The durability of Beethoven’s immense response (1823) to publisher Antonio Diabelli’s request (1819) for a variant on his trite waltz tune continues to astonish the keyboard world, since this “cobbler’s patchwork” unleashed in Beethoven a virtual storm of creative imagination, a union of musical extremes. Melvin Chen, a piano pupil of Seymour Lipkin and Boris Berman, recorded Beethoven’s 33 Variations and Fugue on a Steinway at Bard College late October/early November 2003, with masterful editing by Judith Sherman.
Chen plays the huge concept stylishly, attentive that Beethoven’s evolutions of the waltz range from the bagatelle and parodic to the Herculean, with more than a page from Bach’s polyphonic syntax. Marches and meditations, many of them chromatically audacious, make their way across the musical stage, some enhanced by wild ornaments, rocket-figures, and trills, or by the appearance of ungainly rests which throw the metric configuration into disarray, often looking forward to developments in later composers like Stravinsky, Scriabin, and Berg. That Mr. Chen can turn up the digital fireworks seems plain enough in the Allegro assai variant pursuant to Beethoven’s perversely brisk allusion to Mozart’s Notte e giorno faticar. Mr. Chen produces musical sparks without ungainly pounding of the piano, the bass often punctuating the original waltz motif amidst a flurry of transformative filigree, as in Variations 18 and 19, with their hints of Schumann. The whole group of variants at number 27-30, like the Fughetta at No. 24, demands power and digital accuracy, especially staccato and leggierissimo. The extensive Largo (Variation 31), however, plays as a disembodied sonata-movement, perhaps a recollection of one of Bach’s sarabandes. Mr. Chen holds the two fugues in lyrical check, neither overly demonic nor unduly staid. Some auditors may find Chen’s playing a bit scholastic, somewhat learned and lacking virile abandon, but it may preserve its shelf-life for precisely these qualities.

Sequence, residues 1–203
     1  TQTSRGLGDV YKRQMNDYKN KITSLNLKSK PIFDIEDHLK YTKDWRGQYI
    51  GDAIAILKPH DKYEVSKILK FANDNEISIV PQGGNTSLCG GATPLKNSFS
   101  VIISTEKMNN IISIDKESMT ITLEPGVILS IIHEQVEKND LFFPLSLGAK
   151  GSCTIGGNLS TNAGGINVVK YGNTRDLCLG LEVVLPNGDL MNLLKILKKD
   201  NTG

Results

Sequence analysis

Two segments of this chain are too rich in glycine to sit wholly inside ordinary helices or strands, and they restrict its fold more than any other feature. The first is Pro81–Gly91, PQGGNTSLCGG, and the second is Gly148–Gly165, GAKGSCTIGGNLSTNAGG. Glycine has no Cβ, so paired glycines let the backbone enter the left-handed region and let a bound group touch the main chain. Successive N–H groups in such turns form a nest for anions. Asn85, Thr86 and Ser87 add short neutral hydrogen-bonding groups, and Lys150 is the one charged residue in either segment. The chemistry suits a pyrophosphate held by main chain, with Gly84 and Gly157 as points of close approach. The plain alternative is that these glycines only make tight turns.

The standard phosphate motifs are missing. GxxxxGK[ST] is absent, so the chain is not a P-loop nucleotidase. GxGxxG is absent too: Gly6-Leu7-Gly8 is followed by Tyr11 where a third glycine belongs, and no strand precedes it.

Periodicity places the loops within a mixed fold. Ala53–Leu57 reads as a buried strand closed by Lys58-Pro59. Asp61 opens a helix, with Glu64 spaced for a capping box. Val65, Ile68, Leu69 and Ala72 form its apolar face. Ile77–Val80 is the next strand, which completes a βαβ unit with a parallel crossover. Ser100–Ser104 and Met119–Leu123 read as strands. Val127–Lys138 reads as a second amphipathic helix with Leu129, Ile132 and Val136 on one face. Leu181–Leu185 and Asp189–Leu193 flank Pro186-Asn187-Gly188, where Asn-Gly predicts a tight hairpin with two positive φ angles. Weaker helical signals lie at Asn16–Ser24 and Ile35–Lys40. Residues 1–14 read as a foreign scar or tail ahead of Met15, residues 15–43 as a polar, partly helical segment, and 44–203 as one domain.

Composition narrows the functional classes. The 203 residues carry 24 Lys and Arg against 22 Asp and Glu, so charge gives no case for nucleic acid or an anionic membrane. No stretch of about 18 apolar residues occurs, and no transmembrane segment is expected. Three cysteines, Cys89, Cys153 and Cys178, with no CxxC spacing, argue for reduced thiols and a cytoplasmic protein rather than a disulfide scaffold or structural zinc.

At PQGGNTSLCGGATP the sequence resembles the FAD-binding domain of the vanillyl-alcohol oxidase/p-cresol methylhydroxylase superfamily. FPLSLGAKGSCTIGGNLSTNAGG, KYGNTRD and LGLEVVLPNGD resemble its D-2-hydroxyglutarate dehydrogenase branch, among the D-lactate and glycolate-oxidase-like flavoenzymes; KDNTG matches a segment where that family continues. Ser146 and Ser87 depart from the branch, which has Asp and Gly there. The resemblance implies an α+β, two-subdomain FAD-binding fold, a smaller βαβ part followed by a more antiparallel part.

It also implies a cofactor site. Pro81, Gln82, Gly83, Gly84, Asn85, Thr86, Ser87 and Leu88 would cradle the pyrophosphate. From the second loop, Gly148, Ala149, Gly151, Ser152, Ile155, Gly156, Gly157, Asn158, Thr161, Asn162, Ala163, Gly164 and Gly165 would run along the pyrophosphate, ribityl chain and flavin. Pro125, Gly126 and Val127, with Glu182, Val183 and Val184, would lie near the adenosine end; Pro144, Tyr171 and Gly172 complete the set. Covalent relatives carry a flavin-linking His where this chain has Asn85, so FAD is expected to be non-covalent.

The six offerings from other composers whom Diabelli approached for variants play as a fashionable addendum to the Beethoven opus. None of the six pieces is 90 seconds long, but they reveal a similarity of conception in Hummel and Czerny, as well as the bravura in the youthful Liszt. Kalkbrenner’s has a Beethovenian timbre, cross-fertilized by one of Bach’s inventions. Moscheles and Schubert share a penchant for songful lyricism, the latter injecting that aura of melancholy of which he was a thorough interpreter. The Czerny variant at several points likens Diabelli to an ecossaise.
— Gary Lemco